Dear Credit Card Adviser,
I have heard that this new credit card bill will eliminate rewards programs that are currently on applicable cards. Is this true?

Also, how does this bill affect the consumers that pay their credit card bills in full each payment period, which currently (allows cardholders to) avoid any interest? I have heard that there will now be no interest-free periods. Is this true?

Lastly, will there be a requirement for all cardholders to pay an annual fee for owning a credit card?
— Jeff

Dear Jeff,
The new credit card law may bring about some negative consequences for people who pay their balances in full.

Issuers will be unable to raise rates on existing balances unless the cardholder misses the due date by at least 60 days. The restriction on interest rate hikes will cause the issuers to lose $10 billion per year in pretax income, says Robert Hammer, CEO of bank card advisory firm R.K. Hammer, in Thousand Oaks, Calif.

To make up that shortfall, issuers can, and likely will, make a host of changes not addressed by the legislation. Experts predict issuers may charge annual fees, increase interest rates and other fees, lower credit limits, scale back rewards programs and even reduce grace periods. Hammer thinks grace periods will shrink from their 20-day average and eventually disappear. That means interest would accrue as soon as you made a purchase.

Scott Talbott, senior vice president of government affairs for the Financial Services Roundtable, a national trade association made up of banking, securities and insurance firms, agrees that interest-free periods could shorten but called their end unlikely.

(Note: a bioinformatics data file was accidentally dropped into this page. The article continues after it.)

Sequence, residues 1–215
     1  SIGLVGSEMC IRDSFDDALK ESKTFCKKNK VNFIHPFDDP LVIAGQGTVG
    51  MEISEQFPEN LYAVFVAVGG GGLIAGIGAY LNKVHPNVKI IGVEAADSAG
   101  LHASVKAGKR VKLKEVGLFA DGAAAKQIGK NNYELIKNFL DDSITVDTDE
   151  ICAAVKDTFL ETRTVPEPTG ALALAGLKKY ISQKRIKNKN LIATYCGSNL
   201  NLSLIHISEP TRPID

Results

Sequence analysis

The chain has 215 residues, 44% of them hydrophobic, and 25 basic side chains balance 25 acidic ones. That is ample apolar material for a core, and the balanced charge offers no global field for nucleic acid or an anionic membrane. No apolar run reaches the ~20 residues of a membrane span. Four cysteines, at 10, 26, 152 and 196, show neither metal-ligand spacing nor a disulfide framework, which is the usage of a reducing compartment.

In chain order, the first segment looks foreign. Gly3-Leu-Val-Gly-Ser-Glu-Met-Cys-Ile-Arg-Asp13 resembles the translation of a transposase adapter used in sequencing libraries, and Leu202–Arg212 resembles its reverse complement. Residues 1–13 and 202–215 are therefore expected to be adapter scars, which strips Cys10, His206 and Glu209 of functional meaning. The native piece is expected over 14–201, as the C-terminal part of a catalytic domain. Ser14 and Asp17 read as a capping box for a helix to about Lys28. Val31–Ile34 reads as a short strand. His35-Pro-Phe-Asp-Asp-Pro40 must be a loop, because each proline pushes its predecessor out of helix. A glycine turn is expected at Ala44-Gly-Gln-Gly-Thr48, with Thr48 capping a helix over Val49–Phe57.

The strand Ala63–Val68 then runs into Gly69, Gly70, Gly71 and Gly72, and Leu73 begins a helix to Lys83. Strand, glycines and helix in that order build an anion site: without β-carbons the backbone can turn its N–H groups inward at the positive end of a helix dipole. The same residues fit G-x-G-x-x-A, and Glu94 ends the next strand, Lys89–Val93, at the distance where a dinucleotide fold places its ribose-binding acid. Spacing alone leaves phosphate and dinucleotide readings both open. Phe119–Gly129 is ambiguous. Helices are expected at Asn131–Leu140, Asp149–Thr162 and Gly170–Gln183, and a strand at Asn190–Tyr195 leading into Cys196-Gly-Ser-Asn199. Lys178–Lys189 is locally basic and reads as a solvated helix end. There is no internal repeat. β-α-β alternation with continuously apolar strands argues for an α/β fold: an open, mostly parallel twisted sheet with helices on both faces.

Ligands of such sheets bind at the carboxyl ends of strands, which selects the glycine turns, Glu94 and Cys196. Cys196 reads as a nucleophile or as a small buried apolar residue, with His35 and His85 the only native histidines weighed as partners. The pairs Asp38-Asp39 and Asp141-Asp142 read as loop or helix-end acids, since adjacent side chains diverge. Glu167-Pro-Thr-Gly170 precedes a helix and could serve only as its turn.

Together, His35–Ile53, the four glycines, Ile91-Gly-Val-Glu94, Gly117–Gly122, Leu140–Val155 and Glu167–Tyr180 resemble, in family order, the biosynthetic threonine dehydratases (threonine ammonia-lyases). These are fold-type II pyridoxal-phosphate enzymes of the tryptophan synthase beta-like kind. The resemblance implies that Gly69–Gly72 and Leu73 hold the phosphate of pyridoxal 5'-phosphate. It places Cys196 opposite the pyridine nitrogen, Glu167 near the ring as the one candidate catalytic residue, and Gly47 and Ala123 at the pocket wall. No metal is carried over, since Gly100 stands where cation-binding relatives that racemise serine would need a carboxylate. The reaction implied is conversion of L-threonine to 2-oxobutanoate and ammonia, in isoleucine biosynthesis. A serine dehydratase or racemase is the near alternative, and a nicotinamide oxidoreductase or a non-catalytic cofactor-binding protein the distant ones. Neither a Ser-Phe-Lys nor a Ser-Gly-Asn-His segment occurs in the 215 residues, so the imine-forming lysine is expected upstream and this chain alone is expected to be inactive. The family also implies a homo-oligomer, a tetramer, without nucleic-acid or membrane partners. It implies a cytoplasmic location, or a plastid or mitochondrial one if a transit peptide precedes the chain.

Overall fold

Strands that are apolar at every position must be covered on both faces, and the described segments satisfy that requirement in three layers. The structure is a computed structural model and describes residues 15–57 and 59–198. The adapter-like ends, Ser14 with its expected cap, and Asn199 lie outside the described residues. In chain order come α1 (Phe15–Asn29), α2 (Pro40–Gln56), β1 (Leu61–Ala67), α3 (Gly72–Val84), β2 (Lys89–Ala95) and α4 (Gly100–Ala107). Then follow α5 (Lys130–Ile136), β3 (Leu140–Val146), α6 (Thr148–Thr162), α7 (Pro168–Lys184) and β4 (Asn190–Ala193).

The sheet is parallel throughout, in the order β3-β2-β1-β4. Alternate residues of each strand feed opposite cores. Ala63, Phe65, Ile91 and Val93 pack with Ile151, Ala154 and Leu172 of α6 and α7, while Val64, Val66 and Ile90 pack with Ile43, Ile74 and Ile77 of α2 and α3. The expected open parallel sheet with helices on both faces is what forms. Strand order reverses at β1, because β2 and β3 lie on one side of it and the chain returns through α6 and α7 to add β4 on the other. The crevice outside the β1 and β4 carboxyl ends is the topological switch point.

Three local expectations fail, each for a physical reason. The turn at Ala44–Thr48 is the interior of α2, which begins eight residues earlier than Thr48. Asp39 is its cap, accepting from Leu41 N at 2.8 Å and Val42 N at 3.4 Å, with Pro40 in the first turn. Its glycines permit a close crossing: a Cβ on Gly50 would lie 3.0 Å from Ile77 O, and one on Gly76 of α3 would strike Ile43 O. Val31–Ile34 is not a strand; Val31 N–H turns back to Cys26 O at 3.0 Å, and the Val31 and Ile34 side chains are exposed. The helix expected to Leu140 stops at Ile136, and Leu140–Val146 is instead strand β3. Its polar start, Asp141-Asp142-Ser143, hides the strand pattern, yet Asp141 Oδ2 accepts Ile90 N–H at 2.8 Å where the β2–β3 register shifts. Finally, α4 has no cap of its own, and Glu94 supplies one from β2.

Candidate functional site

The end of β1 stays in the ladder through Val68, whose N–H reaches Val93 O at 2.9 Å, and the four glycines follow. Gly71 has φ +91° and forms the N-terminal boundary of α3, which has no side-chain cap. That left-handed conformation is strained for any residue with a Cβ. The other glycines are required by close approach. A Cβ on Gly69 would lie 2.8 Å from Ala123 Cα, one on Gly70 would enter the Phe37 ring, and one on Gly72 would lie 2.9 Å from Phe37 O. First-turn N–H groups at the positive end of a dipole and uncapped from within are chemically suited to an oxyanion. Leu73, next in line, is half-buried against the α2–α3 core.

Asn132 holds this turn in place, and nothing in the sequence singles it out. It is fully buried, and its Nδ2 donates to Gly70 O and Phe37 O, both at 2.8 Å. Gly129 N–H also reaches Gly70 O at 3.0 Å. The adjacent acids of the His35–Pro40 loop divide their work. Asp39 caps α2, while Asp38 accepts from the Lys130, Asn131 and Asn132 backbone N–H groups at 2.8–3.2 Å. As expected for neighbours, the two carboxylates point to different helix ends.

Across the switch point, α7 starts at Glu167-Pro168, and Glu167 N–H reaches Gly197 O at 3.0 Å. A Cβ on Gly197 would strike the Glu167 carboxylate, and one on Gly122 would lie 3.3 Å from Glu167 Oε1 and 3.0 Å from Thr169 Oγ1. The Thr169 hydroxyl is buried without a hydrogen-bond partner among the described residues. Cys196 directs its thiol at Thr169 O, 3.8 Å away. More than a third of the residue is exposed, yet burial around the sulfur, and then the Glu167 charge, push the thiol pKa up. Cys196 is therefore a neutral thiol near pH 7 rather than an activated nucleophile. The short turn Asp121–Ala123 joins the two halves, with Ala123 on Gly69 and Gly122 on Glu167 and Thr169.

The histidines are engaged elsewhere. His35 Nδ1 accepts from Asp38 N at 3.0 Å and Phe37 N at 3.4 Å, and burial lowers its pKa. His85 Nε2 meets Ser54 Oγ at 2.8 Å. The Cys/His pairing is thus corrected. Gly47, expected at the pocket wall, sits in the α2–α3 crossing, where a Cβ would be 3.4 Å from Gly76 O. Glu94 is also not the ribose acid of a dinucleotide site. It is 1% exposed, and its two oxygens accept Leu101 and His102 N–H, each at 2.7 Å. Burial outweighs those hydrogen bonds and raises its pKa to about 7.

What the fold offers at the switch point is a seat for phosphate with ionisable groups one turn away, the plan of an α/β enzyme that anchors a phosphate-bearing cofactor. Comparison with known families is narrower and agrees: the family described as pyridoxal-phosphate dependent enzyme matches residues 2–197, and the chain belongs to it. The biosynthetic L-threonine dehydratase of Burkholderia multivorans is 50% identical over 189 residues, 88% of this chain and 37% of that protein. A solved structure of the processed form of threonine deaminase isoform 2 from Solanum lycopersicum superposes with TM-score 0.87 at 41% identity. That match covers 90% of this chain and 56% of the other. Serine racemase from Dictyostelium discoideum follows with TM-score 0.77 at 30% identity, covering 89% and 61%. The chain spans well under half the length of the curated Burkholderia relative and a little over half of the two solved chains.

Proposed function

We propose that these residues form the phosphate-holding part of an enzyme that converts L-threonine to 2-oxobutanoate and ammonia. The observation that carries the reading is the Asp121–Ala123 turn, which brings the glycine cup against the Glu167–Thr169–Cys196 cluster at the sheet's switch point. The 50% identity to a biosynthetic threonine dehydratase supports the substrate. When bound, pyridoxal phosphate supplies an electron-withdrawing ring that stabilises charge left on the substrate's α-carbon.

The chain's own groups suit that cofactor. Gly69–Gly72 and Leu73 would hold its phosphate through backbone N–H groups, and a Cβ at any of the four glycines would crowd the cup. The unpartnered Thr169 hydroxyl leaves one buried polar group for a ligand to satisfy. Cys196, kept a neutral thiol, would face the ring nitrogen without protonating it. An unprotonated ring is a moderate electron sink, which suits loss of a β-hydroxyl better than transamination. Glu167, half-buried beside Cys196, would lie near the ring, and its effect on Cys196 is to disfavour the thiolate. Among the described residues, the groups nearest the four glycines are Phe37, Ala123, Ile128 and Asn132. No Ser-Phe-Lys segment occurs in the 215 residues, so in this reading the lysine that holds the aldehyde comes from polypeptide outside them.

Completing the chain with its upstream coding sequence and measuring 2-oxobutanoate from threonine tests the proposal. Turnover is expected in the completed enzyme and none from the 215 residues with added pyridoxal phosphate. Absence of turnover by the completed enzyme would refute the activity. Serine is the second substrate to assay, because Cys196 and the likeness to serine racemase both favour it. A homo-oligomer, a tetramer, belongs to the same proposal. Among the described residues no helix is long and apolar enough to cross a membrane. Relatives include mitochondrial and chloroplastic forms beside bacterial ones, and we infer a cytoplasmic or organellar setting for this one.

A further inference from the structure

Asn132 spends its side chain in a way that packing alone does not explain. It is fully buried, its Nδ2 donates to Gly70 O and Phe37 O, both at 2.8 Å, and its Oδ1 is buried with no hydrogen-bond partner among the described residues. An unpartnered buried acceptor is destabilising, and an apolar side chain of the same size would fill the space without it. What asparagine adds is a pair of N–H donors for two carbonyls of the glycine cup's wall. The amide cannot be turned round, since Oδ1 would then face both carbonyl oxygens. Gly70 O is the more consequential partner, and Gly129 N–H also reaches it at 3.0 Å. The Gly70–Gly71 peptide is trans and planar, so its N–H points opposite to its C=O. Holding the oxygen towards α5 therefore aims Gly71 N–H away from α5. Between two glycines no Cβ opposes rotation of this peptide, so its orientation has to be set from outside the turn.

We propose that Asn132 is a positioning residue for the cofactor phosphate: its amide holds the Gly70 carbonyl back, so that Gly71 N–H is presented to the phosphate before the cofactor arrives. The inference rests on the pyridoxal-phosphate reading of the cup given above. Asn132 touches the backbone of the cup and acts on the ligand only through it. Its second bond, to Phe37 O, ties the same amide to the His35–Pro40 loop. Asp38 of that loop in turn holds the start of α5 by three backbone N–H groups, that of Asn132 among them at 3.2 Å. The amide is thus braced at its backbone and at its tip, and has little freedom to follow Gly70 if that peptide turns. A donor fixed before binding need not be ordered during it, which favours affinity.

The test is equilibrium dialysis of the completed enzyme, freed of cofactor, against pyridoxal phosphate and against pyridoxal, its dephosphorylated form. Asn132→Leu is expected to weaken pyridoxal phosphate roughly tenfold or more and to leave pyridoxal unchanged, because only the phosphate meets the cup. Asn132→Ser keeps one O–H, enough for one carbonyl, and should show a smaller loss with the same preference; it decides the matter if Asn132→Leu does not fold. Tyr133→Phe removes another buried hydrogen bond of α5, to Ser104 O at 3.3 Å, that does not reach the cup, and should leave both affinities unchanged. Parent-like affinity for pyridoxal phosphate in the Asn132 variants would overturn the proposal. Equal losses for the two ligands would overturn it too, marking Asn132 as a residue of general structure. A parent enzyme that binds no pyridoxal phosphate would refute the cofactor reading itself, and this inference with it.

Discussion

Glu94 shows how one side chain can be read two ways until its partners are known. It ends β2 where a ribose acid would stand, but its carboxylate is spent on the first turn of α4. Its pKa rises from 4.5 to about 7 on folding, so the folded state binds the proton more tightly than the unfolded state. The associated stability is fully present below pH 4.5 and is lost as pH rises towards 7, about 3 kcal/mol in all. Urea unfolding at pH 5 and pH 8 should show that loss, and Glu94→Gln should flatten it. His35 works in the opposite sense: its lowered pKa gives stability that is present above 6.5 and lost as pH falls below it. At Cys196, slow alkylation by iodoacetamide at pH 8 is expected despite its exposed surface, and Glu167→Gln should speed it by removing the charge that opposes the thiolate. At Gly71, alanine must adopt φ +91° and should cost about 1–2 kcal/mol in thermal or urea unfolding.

If banks do kill the grace period, they will remove a big reason for so-called “deadbeats” — people who don’t carry balances — to use credit cards. Without any float time, this segment of cardholders may switch to other payment options, such as cash and rewards debit cards.

Whether you believe the gloomier or rosier prediction on grace periods, anyone with a credit card will feel the effects of the new law. “Even consumers with good credit are going to see lower credit limits, higher rates and less attractive promotions,” says Bankrate Senior Financial Analyst Greg McBride.

As for annual fees, each institution will make its own decision whether to impose a yearly charge across the board.

Forecasts aside, how credit card companies exploit the loopholes in the new law remains to be seen. For now, keep statement balances low, spend your rewards points and charge a small amount on unused cards once a quarter to keep them active. And watch your mail for change-in-terms notices.

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